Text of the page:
Mary Strauss


Reading everyone’s stories has helped me so much. Here’s mine:

I have had ‘digestive issues’ since being hospitalized while on vacation in Iceland in 2013. I had diarrhea, abdominal spasms, thrush and iritis. Crohn’s was suspected, but follow up tests didn’t bear it out. I had less serious flare-ups thereafter which seemed to be caused by food allergies. After a short course of prednisone, I would be fine for awhile. Eosinophilic colitis was suspected or some sort of indeterminate IBD. After I had an impacted kidney stone in 2019, something different started. The spasms were under my right rib—not painful but uncomfortable at times. I had dry face flushing, bloating and loose stools. All through 2020 and 2021, I was on and off prednisone. A CT scan in January 2021 noted an area of thickening in my right transverse colon. My gastroenterologist said this was the same area with a lot of pseudopolyps noted on a previous CT.

Through all this, I continue to walk 4 miles a day, workout twice a week with a trainer, and eat a whole foods diet. I try all sorts of supplements, restriction diets, acupuncture, and hypnosis.

By July 2021, I was in bad shape. I was still on prednisone. I was in tremendous pain; my legs were swelling up, I developed thrush. I was nauseous. My gastroenterologist thought I might have an infection. We did bloodwork, urine and stool testing. The only thing that came back was a CRP of 208. This being Covid times, it took a few weeks to get a CT. I saw the report and it mentioned the spot where I had the pseudopolyps and previously noted thickening; I thought nothing new had turned up, but the covering gastroenterologist called me and said to go to the ER.

I remember being told I had some sort of blockage in my colon; they were going to try and put a stent in to open it up. I developed a DVT and had to have an IVC filter put in. They told me I needed surgery. I was in so much pain I couldn’t advocate for myself.

And then, I don’t remember anything. I wake up and have no idea what has happened. I’m trying to talk, but no one can hear me. PAIN. They don’t want to give me pain medication because it can affect my breathing. I finally get some fentanyl. My arms are huge and heavy like wet sand. There are purple dots all over my hands. My skin is yellow and waxy looking. Later someone comes by and looks in my throat. He tells me to hold still and he pulls something that looks like a PVC connector out of my throat. Then someone comes by and says it’s time to get me up and into a chair. I try to get up. Then I see my legs, they are also huge. The therapist tries to help me up but my legs give out—it will be two months before I walk again on my own, but I don’t know this yet. The nurse asks me why I’m in the hospital and I tell her it’s because I was infected by a biological weapon the Taliban released.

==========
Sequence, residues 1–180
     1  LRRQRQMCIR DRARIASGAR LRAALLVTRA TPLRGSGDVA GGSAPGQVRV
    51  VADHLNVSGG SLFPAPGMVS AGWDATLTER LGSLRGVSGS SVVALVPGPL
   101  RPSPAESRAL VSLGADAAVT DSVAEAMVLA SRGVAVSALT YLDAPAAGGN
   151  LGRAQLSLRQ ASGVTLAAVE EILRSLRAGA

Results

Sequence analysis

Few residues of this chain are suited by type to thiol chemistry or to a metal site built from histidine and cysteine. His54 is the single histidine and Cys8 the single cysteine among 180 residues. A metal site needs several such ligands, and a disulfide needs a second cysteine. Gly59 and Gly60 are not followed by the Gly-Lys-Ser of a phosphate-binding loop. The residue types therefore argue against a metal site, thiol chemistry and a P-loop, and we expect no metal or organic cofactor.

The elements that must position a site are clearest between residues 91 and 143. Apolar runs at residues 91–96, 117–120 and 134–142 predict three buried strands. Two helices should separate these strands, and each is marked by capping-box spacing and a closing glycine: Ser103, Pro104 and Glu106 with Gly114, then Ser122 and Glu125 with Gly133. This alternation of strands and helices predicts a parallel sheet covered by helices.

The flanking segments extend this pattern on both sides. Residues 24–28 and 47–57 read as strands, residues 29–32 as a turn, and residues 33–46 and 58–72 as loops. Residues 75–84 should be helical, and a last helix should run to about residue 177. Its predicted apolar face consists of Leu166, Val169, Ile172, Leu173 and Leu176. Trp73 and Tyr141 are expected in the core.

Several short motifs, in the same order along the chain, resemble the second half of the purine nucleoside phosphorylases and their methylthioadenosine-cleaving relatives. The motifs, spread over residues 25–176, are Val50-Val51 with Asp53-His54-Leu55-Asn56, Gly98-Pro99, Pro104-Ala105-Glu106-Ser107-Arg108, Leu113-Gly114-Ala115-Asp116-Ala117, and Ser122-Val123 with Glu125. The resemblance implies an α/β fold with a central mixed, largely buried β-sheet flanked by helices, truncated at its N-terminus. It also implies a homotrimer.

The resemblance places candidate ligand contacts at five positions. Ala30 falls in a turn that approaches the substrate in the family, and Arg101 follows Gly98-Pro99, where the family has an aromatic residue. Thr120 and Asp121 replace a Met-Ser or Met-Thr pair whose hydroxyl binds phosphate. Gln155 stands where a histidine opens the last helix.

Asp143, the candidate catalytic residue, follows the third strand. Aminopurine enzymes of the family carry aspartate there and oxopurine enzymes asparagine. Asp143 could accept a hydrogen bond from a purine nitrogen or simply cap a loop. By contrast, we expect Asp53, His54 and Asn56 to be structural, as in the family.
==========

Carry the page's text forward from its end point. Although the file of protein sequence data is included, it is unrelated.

It gets worse. I thought the nurses were part of an environmental group that wanted to kill people over fifty because they use up too many resources. I had to convince her not to kill me.

I moved to a step down unit a few days later. I had a feeding tube; I needed insulin and Lasix and Heparin. I was so itchy and in so much pain. Tylenol did not help at all. Finally things started to go my way: I passed the swallow test, my edema was resolving, my staples were taken out, I stopped needing insulin, my pulmonary emboli resolved, I could walk a few steps with a walker if someone got me to a standing position. I was learning to change this surgery drain on my stomach—I didn’t know it was a colostomy I was given while I was in septic shock due to an anastomotic leak —I had never heard of or seen any kind of ostomy before.

I came home in a wheelchair almost a month after I went to the ER. My family set up one of the kid’s old bed downstairs with the commode and walker we still had from my mother-in-law. I was so nauseous all I wanted was orange juice. I was in pain everywhere, I couldn’t walk, I would break out in rashes, sweats, I stuttered, my hair was falling out, I cried all the time; I wished I hadn’t made it. But very slowly, I got better. I walked a little more, ate a little better. I’m now almost a year out, and except for more hearing loss, some memory problems and stiffness in my hands, I have recovered and back to walking four miles a day.

I had heard of sepsis but I was never prone to infections and never knew anyone with sepsis. I requested all 7,000 pages of my hospital records. The days when I was in shock are difficult to read: intubation, sedation, blood transfusions, pressers, antibiotics, echocardiogram, and almost unbelievably, a second surgery while septic. My husband said I was in a massive amount of pain the two days between my colon resection surgery and the onset of sepsis. On the second day, he said I began having trouble breathing and when he got the nurse, they sprang into action and whisked me straight to the ICU. After my colostomy surgery while I was on life support, I took a turn for the worst and wasn’t expected to make it. I never imagined you could even get a blockage in your colon or that abdominal surgery could wreak such havoc. I still feel scared, scared that I will get sepsis again and won’t recover as well.

Send us Your Story
Learn More about SepsisSupport Faces of Sepsis